In the last three days I have finished Mass Effect 2, BioShock, and Final Fantasy XII. No doubt there aren't that many high-profile games out there, so days like this may never come again. Here now is my review of the critically acclaimed BioShock.
When a flight goes wrong, you find yourself in the middle of the ocean, treading water to survive. Swimming for any sort of land, you find yourself headed to a tower that leads down, down to the underground city of Rapture. Your trip, and the survival that you claw to there, is one of the strongest suits of the game. The setting is very strong; the dystopian, 1930s feeling is there and never leaves.
An Atlas Will Tell You Where to Go
Navigation through Rapture is easy enough, with a certain Atlas directing you with a radio that you find. Much of the narration of the story comes from this simple tool, but it is used very effectively. Of course, Atlas is not the only person you'll talk to, but you can find that out yourself.As for missions, most of the time a helpful arrow a la Crazy Taxi will direct you towards your destination. It works well most of the time, though will occasionally struggle when there are more than one floor to work with.
Weapons in BioShock start with your handy wrench and expand from there. By far the strongest part of combat in BioShock are the "plasmids," or genetic mutations, you gain throughout the game. From psychic abilities to strengthening your body, plasmids are a good upgrade system.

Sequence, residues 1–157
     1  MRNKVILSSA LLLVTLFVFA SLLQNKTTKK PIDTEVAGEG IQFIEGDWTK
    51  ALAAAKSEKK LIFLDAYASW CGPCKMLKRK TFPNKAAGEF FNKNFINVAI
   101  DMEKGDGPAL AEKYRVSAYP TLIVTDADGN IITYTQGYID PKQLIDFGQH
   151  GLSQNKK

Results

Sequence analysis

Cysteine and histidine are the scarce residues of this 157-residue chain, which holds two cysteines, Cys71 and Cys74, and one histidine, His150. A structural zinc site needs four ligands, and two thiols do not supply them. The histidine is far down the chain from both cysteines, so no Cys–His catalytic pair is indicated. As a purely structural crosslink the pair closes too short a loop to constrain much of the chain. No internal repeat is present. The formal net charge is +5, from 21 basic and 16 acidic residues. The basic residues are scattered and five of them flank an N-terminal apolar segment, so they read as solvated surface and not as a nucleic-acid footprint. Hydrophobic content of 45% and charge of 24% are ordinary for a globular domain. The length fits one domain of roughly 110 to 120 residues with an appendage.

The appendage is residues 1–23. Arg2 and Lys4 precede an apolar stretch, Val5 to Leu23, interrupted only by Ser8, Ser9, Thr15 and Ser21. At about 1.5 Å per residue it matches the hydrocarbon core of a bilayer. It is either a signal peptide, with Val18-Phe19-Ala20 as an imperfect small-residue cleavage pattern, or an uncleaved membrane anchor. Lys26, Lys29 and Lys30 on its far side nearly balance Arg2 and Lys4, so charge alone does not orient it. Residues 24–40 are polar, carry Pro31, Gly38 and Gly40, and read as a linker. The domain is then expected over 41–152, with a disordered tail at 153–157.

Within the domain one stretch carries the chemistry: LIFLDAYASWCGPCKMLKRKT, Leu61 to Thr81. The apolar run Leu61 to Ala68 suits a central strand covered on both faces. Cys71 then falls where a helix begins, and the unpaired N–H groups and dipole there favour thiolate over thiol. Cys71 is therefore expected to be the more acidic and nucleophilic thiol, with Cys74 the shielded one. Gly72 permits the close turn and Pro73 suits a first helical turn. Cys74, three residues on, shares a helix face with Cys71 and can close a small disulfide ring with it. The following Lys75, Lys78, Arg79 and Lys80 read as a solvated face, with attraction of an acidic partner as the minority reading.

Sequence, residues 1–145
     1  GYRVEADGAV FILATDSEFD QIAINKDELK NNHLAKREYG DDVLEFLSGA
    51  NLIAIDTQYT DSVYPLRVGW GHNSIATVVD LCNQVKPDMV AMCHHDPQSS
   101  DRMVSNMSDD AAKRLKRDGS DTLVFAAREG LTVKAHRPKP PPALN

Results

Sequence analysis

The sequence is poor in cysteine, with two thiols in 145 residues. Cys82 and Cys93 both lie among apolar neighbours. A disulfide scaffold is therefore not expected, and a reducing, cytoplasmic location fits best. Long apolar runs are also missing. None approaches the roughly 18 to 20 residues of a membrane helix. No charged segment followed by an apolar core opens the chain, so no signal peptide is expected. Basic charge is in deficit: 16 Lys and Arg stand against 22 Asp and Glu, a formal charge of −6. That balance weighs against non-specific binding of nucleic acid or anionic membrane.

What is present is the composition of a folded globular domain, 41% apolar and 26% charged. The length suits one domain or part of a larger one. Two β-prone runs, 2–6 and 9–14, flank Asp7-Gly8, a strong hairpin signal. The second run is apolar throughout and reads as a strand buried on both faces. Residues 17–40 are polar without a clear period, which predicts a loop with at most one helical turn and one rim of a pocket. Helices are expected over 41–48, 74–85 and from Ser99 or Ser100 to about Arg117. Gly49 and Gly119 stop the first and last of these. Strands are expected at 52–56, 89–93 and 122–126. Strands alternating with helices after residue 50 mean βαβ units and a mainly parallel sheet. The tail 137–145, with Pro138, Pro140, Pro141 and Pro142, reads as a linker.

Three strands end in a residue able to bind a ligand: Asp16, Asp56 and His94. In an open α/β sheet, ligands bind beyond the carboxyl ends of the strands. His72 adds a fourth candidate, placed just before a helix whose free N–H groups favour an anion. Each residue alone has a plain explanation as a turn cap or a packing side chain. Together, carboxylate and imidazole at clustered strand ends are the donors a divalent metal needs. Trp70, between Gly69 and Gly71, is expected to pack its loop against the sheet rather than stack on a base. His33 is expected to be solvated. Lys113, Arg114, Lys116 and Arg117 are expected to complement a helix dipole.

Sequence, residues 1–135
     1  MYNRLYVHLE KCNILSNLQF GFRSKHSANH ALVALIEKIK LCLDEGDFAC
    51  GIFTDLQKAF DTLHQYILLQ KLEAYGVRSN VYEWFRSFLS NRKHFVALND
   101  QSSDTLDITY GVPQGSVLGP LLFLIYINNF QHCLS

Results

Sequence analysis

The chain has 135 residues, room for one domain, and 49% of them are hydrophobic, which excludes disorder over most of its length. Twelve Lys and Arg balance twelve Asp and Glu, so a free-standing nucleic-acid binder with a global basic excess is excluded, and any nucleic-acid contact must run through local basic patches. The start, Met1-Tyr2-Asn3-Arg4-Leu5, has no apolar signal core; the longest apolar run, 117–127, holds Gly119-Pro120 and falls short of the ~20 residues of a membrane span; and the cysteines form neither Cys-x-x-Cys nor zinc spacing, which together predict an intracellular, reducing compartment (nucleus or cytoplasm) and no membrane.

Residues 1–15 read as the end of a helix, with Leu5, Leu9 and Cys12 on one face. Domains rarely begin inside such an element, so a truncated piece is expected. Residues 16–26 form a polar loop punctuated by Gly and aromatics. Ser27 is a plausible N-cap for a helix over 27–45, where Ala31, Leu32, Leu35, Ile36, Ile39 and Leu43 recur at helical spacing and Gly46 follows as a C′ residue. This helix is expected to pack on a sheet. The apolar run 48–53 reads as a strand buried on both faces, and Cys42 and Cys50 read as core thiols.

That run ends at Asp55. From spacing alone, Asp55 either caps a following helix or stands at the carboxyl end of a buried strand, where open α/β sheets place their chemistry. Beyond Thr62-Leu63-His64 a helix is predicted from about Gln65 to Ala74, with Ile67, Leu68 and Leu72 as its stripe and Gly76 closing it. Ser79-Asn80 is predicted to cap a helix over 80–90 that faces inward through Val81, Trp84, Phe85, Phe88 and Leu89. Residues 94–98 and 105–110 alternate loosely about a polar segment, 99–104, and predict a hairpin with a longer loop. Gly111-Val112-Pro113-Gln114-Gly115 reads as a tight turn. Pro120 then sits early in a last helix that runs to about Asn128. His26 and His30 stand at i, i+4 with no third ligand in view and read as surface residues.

Unfortunately, throughout the game I couldn't shake the feeling that combat was a little unpolished. Too many times did I have something in my cross-hairs (or circles) where I missed; after playing for more than ten hours, the annoyance adds up.
In line with an unpolished feeling was the normally interesting ability to hack turrets, safes, and vending machines. While this is a good feature, in the later stages of the game at times it was literally impossible to hack some systems. Once again, it felt unpolished.
The Plot's the Thing
BioShock features one of the best twists in this generation of video games. It takes you by surprise, but definitely makes you wonder how you could miss it. The only problem with it was that it wasn't quite built up enough.
However, the very ending of BioShock is not good. It's about a minute and mine (there are three possibilities) didn't really make sense. I was very disappointed by this very subpar ending, and moderately easy final boss fight.
A City on an Underwater Hill
BioShock is a good game, but it is not a great game. Without a big payoff in the end, especially after a great twist, leaves the experience dull. The setting is good but the gameplay feels a bit unpolished; pick it up and enjoy it, but don't expect too much out of it.
The Final Verdict: 7.75/10 Good
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